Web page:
Today is Memorial Day. Originally called Decoration Day, this holiday originated in the years following the Civil War, became a federal holiday in 1971 (see 5 U.S.C § 6103(a) (deeming “Memorial Day” the last Monday in May)), and is intended to honor the men and women who have died during the performance of their military…Read More Memorial Day 2021
The U.S. Equal Employment Opportunity Commission – which enforces various anti-discrimination laws, including Title VII of the Civil Rights Act of 1964 – recently issued a Resolution Condemning Violence, Harassment, and Bias Against Jewish Persons in the United States (signed May 26, 2021). It provides, in full: WHEREAS the [EEOC], established by the landmark Civil…Read More EEOC Issues Resolution Condemning Violence, Harassment, and bias Against Jewish Persons in the United States
Just a friendly reminder that, under New York law, A person is guilty of grand larceny in the second degree [a class C felony] when he steals property and when: 1. The value of the property exceeds fifty thousand dollars; or 2. The property, regardless of its nature and value, is obtained by extortion committed…Read More Trick or Treat, a/k/a Extortion?
“We hold these truths to be self-evident, that all men are created equal, that they are endowed by their Creator with certain unalienable Rights, that among these are Life, Liberty and the pursuit of Happiness.” These words comprise the Preamble to the U.S. Declaration of Independence, which (as articulated by the National Archives) “states the…Read More July 4th, 2020: Happy 244th Birthday, America
On March 19, 2020, New York Governor Andrew Cuomo issued Executive Order No. 202.7 (“Continuing Temporary Suspension and Modification of Laws Relating to the Disaster Emergency”), which, inter alia, permits documents to be notarized utilizing audio-video technology through April 18, 2020. The Order provides, in pertinent part: Any notarial act that is required under New…Read More New York Permits “Virtual” Notarization in Light of COVID-19 Pandemic
Today is the 50th anniversary of the Apollo 11 launch to the Moon. This event culminated in what is arguably the greatest achievement of mankind. Like most if not all human events and endeavors, there are numerous legal issues arising from it. Many of these issues are addressed in the Outer Space Treaty of 1967,…Read More To the Moon … and Beyond!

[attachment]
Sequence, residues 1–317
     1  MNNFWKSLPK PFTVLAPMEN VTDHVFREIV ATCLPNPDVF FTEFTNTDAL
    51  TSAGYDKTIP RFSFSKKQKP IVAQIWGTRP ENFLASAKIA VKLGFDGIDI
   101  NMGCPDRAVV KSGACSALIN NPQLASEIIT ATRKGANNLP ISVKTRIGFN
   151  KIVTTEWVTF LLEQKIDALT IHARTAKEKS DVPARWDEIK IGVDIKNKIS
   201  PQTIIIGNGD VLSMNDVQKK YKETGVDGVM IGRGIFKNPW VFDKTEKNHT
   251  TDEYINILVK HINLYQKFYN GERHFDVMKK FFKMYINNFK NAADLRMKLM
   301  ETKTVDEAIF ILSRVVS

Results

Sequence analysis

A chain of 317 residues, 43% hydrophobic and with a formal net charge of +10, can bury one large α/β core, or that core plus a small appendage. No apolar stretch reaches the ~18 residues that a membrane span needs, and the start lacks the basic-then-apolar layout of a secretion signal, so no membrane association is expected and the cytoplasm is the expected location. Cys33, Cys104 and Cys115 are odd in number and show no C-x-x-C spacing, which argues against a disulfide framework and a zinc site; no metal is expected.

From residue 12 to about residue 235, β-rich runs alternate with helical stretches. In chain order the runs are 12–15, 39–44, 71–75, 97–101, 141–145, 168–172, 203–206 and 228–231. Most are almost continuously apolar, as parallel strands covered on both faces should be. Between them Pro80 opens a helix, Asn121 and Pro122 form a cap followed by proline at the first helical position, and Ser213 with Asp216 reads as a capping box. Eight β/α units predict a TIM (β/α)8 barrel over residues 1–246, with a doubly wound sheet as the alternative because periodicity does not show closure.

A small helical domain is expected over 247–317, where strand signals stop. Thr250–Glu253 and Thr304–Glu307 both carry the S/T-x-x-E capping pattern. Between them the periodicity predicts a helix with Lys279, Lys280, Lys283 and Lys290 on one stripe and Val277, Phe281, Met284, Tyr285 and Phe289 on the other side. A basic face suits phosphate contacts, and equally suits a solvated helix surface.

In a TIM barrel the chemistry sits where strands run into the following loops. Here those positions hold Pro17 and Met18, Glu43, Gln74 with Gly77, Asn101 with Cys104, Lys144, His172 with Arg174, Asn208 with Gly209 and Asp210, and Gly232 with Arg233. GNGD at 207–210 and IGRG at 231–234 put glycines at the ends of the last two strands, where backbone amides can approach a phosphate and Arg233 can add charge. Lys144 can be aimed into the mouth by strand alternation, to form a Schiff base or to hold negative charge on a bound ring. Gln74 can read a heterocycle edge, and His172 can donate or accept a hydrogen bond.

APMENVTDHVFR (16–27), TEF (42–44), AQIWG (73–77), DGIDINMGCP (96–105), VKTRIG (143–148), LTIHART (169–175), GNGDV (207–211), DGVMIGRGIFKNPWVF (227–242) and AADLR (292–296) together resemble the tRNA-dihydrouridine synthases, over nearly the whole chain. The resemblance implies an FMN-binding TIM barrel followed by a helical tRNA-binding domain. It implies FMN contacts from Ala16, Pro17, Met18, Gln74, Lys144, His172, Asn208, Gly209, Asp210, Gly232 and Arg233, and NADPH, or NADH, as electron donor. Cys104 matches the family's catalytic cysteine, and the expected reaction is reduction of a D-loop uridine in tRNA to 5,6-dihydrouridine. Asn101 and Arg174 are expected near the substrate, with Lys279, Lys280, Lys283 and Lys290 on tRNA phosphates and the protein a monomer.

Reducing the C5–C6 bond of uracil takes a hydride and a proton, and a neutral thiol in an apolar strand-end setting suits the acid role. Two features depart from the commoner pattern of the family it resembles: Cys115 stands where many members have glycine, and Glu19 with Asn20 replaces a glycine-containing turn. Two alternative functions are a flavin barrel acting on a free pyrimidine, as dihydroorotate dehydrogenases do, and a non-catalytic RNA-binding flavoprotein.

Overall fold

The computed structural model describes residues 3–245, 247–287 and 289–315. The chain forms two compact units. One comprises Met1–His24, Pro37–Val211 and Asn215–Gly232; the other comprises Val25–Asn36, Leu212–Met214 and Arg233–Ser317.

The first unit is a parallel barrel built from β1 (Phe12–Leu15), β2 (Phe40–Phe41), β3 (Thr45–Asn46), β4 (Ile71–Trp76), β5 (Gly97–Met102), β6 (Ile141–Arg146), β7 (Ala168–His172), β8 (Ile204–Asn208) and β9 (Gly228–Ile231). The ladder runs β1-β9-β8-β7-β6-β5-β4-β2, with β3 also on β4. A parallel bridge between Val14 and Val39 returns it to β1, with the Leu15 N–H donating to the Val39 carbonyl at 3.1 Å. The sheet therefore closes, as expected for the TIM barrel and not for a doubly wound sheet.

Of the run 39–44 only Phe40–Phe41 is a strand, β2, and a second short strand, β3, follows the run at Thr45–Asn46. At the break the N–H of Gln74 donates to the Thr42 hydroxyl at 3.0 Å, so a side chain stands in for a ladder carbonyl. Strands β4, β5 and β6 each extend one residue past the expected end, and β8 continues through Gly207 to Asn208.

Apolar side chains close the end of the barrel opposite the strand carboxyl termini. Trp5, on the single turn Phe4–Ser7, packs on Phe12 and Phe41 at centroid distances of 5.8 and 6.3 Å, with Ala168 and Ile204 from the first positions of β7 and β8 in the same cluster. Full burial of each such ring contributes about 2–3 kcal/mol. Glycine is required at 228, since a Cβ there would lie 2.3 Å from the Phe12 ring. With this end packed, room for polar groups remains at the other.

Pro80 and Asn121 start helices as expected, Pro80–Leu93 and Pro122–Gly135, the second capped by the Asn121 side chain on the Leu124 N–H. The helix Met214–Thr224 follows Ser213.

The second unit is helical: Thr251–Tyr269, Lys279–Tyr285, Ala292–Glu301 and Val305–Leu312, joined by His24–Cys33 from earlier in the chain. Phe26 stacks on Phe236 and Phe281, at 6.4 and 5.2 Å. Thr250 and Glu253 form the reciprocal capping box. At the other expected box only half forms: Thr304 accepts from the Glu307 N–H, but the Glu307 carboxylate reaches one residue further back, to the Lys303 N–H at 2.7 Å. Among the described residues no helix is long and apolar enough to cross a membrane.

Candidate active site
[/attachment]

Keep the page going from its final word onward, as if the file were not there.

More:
On July 4, 1776, 243 years ago today, the Declaration of Independence was ratified by Congress. This seminal document, equal if not greater in magnitude and significance to other great historical documents (e.g., the Magna Carta), represents the first formal statement by then subjects of the British Crown of the reasons for proclaiming their reasons…Read More Happy 243rd Birthday, America
Christmas and egg nog go together like, well, Christmas and egg nog. It’s a tasty drink with a few recipe variations. But this isn’t a holiday recipe blog, it’s a legal blog! So I thought I’d share an interesting older (1949) decision I came across. The case is People v Queens Farms Dairy, 90 N.Y.S.2d…Read More Egg Nog Defendant Guilty
In Triana v. Sodexo, Inc., 2018 WL 6413151, at *7 (S.D.N.Y., 2018), the court, inter alia, dismissed plaintiff’s First Amendment retaliation claim. The court provides the following summary of the relevant law: Where a plaintiff claims that he or she was retaliated against in violation of the First Amendment, he or she must demonstrate that “(1)…Read More First Amendment Retaliation Claim Dismissed
The Declaration of Independence is arguably one of the greatest legal documents – and the greatest break-up note – of all time. Its opening, well-known to every American schoolchild, states: When in the Course of human events it becomes necessary for one people to dissolve the political bands which have connected them with another and…Read More Life, Liberty, and the Pursuit of Happiness